claims are subject to the McDonnell Douglas Corp. v.
Green, 411 U.S. 792, 805 (1973) burden-shifting
analysis. See Kovaco v. Rockbestos-Surprenant Cable
Corp., 834 F.3d 128, 136 (2d Cir. 2016); McBride v.
BIC Consumer Prods. Mfg. Co., 583 F.3d 92, 96 (2d Cir.
2009). Once a plaintiff has established a prima
facie case, the employer “must offer through the
introduction of admissible evidence a legitimate
non-discriminatory reason for the [adverse action]; and the
plaintiff must then produce evidence and carry the burden of
persuasion that the proffered reason is a pretext.”
Id. at 96 (internal quotation marks omitted).
regard to retaliation, the ADA states that, “[n]o
person shall discriminate against any individual because such
individual has opposed any act or practice made unlawful
by” the ADA. 42 U.S.C. § 12203(a). To state a
prima facie case of ADA retaliation, Koenig
“must show that: (1) he engaged in an activity
protected by the ADA; (2) the employer was aware of this
activity; (3) the employer took adverse employment action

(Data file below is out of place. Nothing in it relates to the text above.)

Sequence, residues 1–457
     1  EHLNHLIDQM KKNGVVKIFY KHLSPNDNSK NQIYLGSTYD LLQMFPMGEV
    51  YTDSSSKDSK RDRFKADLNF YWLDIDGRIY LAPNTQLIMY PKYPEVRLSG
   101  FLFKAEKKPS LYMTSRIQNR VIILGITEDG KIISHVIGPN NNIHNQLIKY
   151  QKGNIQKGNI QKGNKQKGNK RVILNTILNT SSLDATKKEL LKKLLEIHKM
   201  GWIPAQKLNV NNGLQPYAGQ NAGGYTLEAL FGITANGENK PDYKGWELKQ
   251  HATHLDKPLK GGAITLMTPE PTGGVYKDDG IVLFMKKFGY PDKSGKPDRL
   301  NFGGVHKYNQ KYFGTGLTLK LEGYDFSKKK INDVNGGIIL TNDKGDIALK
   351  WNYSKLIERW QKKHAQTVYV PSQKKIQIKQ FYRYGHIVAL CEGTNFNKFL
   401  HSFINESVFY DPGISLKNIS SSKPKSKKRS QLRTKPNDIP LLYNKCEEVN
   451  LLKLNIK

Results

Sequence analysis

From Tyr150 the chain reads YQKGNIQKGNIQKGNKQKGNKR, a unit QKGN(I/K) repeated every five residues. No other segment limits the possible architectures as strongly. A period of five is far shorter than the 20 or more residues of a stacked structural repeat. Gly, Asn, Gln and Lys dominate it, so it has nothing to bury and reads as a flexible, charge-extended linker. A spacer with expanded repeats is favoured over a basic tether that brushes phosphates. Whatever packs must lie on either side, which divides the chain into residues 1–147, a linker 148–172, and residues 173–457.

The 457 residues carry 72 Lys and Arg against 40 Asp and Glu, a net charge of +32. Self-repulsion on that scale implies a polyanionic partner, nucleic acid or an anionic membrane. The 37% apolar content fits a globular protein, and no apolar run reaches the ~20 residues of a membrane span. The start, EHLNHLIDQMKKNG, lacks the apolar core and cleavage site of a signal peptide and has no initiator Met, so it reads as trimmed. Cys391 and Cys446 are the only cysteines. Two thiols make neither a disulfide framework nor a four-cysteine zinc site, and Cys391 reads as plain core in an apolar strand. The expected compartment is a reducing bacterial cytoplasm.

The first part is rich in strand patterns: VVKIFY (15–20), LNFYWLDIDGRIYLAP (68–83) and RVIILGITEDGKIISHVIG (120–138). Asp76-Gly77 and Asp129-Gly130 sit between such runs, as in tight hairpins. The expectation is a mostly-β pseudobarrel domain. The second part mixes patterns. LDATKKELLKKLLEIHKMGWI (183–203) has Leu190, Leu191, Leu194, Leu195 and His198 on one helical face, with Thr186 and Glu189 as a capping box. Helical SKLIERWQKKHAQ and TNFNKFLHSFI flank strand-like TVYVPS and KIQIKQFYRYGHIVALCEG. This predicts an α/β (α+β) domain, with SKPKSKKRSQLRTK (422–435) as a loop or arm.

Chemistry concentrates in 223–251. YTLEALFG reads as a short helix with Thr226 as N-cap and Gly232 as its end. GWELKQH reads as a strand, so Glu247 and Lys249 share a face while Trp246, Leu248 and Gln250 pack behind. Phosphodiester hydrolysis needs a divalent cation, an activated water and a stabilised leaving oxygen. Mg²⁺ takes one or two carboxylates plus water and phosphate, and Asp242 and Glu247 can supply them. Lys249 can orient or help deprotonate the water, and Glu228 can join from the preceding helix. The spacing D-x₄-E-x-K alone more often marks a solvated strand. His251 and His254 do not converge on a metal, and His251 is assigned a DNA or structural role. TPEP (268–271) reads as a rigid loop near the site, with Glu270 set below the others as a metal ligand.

against him; and (4) a causal connection exists between the
alleged adverse action and the protected activity.”
Treglia v. Town of Manlius, 313 F.3d 713, 719 (2d
Cir. 2002); Pediford-Aziz v. City of N.Y., 170
F.Supp.3d 480, 485 (E.D.N.Y. 2016). “The McDonnell
Douglas burden shifting analysis also applies to
retaliation claims brought pursuant to the ADA.”
Rios v. Dep't of Educ., 351 F. App'x 503,
505 (2d Cir. 2009) (citing Treglia, 313 F.3d at
Three alleges that the City discriminated against Koenig in
violation of the Rehabilitation Act. See Fourth Am.
Compl. at 11. The Rehabilitation Act states that, “[n]o
otherwise qualified individual with a disability . . . shall,
solely by reason of her or his disability, . . . be subjected
to discrimination under any program or activity receiving
Federal financial assistance.” 29 U.S.C. § 794(a).